5 Medicare Mistakes to Avoid When Turning 65

Planning your Medicare Coverage can save you money
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Turning 65 is a milestone for many people across the U.S. However, they may not think of Medicare eligibility as topping their gift lists.

This age is a critical turning point for those who see Medicare enrollment at 65 as their pathway to freedom—finally leaving their employer’s group health plan for the sunny skies of retirement. They consult with their tax and financial advisors, examine the nuts and bolts of their financial situation, and sign up for Medicare with relative ease.

It seems pretty easy to enroll in Medicare. In some ways, that’s a good thing. But this relative ease may be one of the characteristics of the Medicare program that lead people to take crooked pathways of excessive cost, coverage gaps and penalties when they make mistakes with their coverage choices.

Mistakes to Avoid With Medicare

Following are five common Medicare mistakes to avoid when turning 65—an especially complicated situation for individuals who are working when they reach this milestone.

1. Relying solely on retiree healthcare benefits. Many companies continue to offer retiree healthcare benefits to former employees but that's a declining trend. If you receive these benefits, know that they cannot replace Medicare. You still need to enroll in Medicare, or risk reduced coverage or costly penalties. Another trend is that more employers are discontinuing retiree benefits in greater numbers, so it’s important to be aware of this development and the options for coverage in retirement.

2. Enrolling in Medicare Part A (hospital coverage) or Part B (medical coverage) coverage while still employed. Until a few years ago, it was common for individuals who continued to work to enroll in Part A and/or Part B coverage when they turned 65. It was done almost automatically and without much consideration, primarily because that’s when someone’s Social Security benefits began. Changes in Social Security and Medicare programs and the possibility of incurring penalties mean this decision shouldn’t be made lightly.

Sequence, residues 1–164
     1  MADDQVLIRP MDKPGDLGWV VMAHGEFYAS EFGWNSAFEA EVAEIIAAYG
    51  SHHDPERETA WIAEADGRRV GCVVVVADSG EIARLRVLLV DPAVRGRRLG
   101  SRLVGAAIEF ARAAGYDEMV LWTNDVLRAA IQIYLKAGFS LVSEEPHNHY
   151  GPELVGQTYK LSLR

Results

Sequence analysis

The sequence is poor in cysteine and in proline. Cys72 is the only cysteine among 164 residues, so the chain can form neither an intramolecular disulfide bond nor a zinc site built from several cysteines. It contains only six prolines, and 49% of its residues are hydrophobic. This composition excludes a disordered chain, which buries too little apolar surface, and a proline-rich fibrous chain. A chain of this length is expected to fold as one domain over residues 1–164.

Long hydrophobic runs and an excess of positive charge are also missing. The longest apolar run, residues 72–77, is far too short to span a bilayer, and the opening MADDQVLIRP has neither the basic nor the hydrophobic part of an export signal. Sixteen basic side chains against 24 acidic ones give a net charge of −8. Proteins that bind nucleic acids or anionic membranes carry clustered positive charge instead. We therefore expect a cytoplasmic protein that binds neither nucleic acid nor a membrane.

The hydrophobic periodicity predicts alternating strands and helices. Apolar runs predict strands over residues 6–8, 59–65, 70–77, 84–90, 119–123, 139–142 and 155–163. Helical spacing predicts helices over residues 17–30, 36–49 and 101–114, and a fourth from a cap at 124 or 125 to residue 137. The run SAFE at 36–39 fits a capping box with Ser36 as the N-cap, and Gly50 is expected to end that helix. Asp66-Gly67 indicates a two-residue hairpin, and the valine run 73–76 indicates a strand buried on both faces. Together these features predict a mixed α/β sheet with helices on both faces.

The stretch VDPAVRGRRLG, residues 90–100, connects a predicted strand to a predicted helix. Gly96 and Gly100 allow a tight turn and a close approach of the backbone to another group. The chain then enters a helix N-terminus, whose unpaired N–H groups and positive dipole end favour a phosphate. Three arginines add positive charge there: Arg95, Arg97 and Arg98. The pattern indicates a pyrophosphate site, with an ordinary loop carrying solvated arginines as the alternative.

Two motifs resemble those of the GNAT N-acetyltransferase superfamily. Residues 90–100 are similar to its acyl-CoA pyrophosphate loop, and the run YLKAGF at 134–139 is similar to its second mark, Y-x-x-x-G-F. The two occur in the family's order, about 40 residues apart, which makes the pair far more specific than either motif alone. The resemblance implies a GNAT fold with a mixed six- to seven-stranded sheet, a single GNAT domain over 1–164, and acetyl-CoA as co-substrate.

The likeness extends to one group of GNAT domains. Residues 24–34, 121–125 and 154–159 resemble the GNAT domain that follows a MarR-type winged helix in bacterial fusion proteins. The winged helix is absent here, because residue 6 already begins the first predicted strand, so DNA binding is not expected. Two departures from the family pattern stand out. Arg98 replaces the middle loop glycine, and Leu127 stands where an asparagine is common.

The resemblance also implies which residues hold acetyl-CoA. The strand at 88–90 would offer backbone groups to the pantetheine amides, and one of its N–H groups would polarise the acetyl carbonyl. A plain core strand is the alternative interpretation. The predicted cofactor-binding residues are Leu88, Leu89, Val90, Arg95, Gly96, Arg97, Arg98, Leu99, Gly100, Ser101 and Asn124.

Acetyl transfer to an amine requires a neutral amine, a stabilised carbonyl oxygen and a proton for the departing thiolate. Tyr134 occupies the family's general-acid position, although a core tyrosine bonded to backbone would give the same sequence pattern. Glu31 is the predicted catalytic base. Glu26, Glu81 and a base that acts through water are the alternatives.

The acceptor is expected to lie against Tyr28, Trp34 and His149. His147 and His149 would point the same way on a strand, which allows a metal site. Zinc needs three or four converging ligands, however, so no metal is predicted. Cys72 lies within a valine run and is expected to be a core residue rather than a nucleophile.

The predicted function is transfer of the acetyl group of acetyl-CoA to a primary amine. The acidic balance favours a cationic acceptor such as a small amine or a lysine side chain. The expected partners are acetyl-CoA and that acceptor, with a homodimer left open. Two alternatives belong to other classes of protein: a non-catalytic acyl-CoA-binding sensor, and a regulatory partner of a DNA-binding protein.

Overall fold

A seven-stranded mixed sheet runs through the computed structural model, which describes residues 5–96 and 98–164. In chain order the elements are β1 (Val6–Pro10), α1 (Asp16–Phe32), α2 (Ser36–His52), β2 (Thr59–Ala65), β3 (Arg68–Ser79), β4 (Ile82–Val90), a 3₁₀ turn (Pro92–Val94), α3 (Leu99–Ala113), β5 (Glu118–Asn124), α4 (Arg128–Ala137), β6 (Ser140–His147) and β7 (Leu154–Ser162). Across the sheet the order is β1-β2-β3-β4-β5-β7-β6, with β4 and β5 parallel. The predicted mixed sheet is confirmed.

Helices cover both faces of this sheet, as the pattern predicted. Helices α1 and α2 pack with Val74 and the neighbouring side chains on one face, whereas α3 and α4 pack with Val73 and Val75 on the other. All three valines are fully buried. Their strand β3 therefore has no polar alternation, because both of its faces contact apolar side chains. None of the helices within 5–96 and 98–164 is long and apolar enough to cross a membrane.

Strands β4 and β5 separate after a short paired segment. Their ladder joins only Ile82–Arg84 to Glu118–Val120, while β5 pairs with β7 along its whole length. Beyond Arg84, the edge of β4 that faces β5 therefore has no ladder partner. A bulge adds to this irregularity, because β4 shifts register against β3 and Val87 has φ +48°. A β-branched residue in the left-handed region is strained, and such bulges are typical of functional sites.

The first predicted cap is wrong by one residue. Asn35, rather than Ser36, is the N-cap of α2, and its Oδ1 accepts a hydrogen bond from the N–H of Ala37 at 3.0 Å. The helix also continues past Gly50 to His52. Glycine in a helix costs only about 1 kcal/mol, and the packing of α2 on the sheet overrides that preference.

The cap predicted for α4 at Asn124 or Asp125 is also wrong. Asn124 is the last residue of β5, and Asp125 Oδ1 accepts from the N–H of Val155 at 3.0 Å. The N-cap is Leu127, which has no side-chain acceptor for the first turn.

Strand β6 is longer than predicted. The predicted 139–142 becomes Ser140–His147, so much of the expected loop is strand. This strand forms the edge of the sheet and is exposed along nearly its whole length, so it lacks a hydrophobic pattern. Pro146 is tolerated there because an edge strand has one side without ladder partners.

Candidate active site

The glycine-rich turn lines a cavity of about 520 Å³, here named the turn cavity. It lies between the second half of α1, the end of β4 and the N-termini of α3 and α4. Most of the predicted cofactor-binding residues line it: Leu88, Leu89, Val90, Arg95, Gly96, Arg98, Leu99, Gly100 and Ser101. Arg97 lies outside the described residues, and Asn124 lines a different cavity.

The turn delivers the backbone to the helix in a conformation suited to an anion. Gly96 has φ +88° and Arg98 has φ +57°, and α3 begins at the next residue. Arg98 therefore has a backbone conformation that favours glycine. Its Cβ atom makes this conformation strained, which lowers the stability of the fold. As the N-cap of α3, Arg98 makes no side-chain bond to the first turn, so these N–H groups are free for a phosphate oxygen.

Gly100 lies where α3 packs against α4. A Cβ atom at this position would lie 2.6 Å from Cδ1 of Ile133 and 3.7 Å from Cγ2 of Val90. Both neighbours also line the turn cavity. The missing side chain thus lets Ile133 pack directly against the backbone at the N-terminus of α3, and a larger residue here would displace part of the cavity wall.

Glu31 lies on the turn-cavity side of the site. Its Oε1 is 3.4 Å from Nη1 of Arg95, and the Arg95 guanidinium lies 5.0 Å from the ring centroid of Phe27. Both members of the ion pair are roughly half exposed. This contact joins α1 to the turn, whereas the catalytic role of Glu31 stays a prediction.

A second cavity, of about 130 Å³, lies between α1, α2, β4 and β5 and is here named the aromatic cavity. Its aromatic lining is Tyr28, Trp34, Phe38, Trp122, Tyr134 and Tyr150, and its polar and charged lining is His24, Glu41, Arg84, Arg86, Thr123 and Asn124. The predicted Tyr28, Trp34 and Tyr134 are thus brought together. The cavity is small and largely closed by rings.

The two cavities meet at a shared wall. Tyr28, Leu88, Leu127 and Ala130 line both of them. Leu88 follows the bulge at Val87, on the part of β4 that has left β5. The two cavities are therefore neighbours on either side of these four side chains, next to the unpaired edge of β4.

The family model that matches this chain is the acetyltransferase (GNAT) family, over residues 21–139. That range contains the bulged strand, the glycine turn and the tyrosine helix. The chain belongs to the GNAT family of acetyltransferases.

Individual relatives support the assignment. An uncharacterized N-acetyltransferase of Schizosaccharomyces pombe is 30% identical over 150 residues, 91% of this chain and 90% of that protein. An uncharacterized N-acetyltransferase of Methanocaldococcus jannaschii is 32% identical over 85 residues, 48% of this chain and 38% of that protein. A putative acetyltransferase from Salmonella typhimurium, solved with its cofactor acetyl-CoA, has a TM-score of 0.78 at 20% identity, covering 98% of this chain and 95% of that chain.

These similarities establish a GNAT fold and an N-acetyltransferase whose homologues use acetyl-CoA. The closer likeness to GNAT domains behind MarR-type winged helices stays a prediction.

It’s important to talk with a Medicare specialist or a financial planner skilled in Medicare rules when making Medicare decisions while working and turning 65.

3. Taking the “easy” path. The transition to Medicare coverage can appear simple if you don’t consider all your options. Don't rush through the process, sign or enroll without understanding what you're signing, or make decisions without asking for help. Examples of shortcuts include:

  • Choosing a Medicare plan that a friend, neighbor or spouse uses because it’s convenient.
  • Enrolling in traditional Medicare without looking at Medicare Advantage plan options.
  • Selecting coverage because it’s similar to what someone had while they were working (i.e., same provider, same premium, etc.).
  • Picking a Medicare plan for its visibility and ease (i.e., advertising and promotions), rather than because it meets the individual’s personal health and financial needs.

4. Seeing Medicare choices as healthcare decisions only, not financial decisions. Even with Medicare coverage, many beneficiaries may still have retirement medical expenses out of their own pockets that amount to thousands of dollars. Many people don’t realize this—anticipating only a monthly premium for Part B coverage, for example. Coinsurance, deductibles and other costs can add up due to chronic health conditions, unexpected medical procedures, or expensive brand-name prescription drugs.

Yes, it’s important to find a Medicare plan for health needs but making informed choices, especially with the help of experienced Medicare specialists, can provide incredible cost savings and value to the rest of their retirement.

Medicare alone could leave you in financial ruins if you don't understand the limits of Original Medicare. Almost everybody needs some kind of Medicare Advantage or Medigap plan along with Original Medicare.

5. Continuing to work because of dependent benefits. It’s not uncommon for the breadwinner in the household to continue working past retirement age to preserve healthcare benefits for a spouse or dependents in the household. One of the benefits that resulted from the Affordable Care Act is increased options for those individuals who once felt compelled to delay retirement because of healthcare coverage. Families can find a number of healthcare options through the state or federal health exchanges, allowing the working spouse to retire and enroll in Medicare while providing for their dependents.

On a daily basis, thousands of Americans are becoming eligible for Medicare and enjoying the healthcare coverage provided through this federal program. Not everyone, however, is seeing the full benefits and cost savings because of a variety of missteps.

Reaching out to Medicare specialists and those experienced with benefits coordination and transitions between these types of healthcare plans can provide individuals with more reassurance and confidence about their critical healthcare and financial decisions at age 65.

This article comes to us courtesy of Tricia Blazier, J.D., personal health and financial planning director for Allsup. Allsup is a nationwide provider of Social Security disability, veterans disability appeal, exchange plan, and Medicare services for individuals, employers and insurance carriers.